U.S. DEPARTMENT OF VETERANS AFFAIRS BENEFITS DELIVERY CENTER PHILADELPHIA, PENNSYLVANIA and AMERICAN FEDERATION OF GOVERNMENT EMPLOYEES, LOCAL 940, AFL-CIO
Office of Administrative Law Judges
U.S. DEPARTMENT OF VETERANS AFFAIRS
BENEFITS DELIVERY CENTER
Case No. BN-CA-90301
AMERICAN FEDERATION OF GOVERNMENT
EMPLOYEES, LOCAL 940, AFL-CIO
Julie C. McCarthy, Esquire Richard D. Zaiger, Esquire For the General Counsel, FLRA
Before: SAMUEL A. CHAITOVITZ Chief Administrative Law Judge
Statement of the Case
This case arose under the Federal Service Labor-Management
Relations Statute, 5 U.S.C. § 7101 et seq. (the Statute),
and the revised Rules and Regulations of the Federal Labor
Relations Authority (FLRA/Authority), 5 C.F.R. § 2411 et
Based upon an unfair labor practice charge filed by the American Federation of Government Employees, Local 940, AFL-CIO (AFGE Local 940/Union), a Complaint and Notice of Hearing was issued on behalf of the General Counsel (GC) of the FLRA by the Regional Director of the Boston Regional Office of the FLRA. The Complaint alleges that the U.S. Department of Veterans Affairs (VA), Benefits Delivery Center, Philadelphia, Pennsylvania (VA Center/Respondent), committed an unfair labor practice in violation of 5 U.S.C. § 7116 (a)(1) and (5) of the Statute, when the VA Center implemented its decision to provide coverage for the Point of Presence Initiative ("POP"), for 24 hours a day, 7 days a week, without providing AFGE, Local 940 an opportunity to bargain to the extent required by law.
VA Center filed an answer denying the substantive
allegations of the Complaint. Respondent filed two Motions to
Dismiss, both Motions were denied.
A hearing was held in Philadelphia, Pennsylvania, at which
time all parties were afforded a full opportunity to be
represented, to be heard, to examine and cross-examine witnesses,
to introduce evidence and to argue orally. The GC of the FLRA and
the VA Center filed post-hearing briefs which have been fully
Based upon the entire record, including my observation of the witnesses and their demeanor, I make the following findings of fact, conclusions, and recommendations.
Findings of Fact
The American Federation of Government Employees, AFL-CIO (AFGE) is the certified exclusive representative of a nationwide unit of employees appropriate for collective bargaining, including employees at the VA Center in Philadelphia, Pennsylvania. AFGE, Local 940 is the agent of AFGE for representing employees at VA Center. The Union represents approximately 750 employees and computer operators at VA Center. The VA Center serves as VA's computer center and is comprised of three divisions, the Operations Division, Network Systems Division, and the Technical Support Division.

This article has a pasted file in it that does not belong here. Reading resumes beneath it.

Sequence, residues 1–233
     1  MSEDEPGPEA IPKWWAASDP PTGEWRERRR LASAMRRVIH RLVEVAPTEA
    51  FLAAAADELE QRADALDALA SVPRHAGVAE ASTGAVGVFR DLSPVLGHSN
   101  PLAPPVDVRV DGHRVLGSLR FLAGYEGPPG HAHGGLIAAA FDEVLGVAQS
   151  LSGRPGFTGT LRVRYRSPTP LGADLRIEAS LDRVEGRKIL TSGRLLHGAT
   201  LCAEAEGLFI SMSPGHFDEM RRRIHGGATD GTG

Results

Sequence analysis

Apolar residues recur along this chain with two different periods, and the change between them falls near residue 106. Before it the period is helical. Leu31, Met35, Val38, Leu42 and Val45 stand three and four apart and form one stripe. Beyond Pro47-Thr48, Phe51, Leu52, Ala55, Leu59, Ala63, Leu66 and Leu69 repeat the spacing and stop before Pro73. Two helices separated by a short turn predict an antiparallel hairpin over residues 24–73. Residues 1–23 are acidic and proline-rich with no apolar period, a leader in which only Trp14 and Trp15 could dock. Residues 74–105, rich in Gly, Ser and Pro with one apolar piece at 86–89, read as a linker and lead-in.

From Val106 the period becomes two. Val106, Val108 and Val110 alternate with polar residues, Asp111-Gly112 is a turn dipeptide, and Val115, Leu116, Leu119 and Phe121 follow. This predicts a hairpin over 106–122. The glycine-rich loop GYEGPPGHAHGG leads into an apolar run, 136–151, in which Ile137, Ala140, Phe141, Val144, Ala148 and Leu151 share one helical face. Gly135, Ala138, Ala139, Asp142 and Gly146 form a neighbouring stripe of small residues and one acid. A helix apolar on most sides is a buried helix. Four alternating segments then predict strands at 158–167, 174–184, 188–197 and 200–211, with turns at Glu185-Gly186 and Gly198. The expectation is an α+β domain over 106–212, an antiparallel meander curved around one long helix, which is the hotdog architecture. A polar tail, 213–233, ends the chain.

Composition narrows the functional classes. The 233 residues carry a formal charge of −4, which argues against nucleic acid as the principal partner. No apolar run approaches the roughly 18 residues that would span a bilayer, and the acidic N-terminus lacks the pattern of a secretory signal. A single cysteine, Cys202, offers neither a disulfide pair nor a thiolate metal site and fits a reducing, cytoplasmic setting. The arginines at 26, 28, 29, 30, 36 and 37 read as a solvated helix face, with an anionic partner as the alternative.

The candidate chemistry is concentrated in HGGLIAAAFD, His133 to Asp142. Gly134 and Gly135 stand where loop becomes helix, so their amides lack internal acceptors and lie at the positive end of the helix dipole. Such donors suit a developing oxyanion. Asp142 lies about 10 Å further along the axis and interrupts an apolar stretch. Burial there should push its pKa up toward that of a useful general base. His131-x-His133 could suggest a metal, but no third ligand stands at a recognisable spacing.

Joseph Malizia serves as the President of the Union, a
position he has held since July 1999. Malizia served as the Union's
Executive Vice-President for approximately eight years before
becoming President. As Vice-President, Malizia handled the majority
of local negotiations. Tyrone Perkins served as the AFGE, Local 940
President from June 1, 1989 to May 30, 1999.
B. The Master Collective Bargaining Agreement
The Master Agreement (MA) between the AFGE and the
Department of Veterans Affairs was entered into on March 21,
Article 44 of the contract concerns mid-term bargaining and contains the following language in Section 1:
C. Recognizing that the Master Agreement cannot cover all aspects or provide definitive language on
each subject addressed, it is understood that mid-term agreements at all levels may include
substantive bargaining on all subjects covered in the Master Agreement, so long as they do not
conflict, interfere with, or impair implementation of the Master Agreement. However, matters that are
excluded from mid-term bargaining will be
identified within each Article.
D. As appropriate, the Union may initiate mid-term bargaining at all levels on matters affecting the
working conditions of bargaining unit
Article 20 of the parties' contract concerns hours of work
and overtime and contains the following language in Section 1:
A. A change in the administrative workweek and changes in the regularly scheduled administrative
workweek are considered changes in conditions of employment for purposes of the notice
requirement of Article 46, Rights and Responsibilities. . . .
Article 46 of the parties' contract, which is referred to in
Article 20, concerns notification of changes in conditions of
employment and contains the following language in Section 4:
The Department shall provide reasonable advance notice to the appropriate Union official(s) prior
to changing conditions of employment of bargaining unit employees. The Department agrees to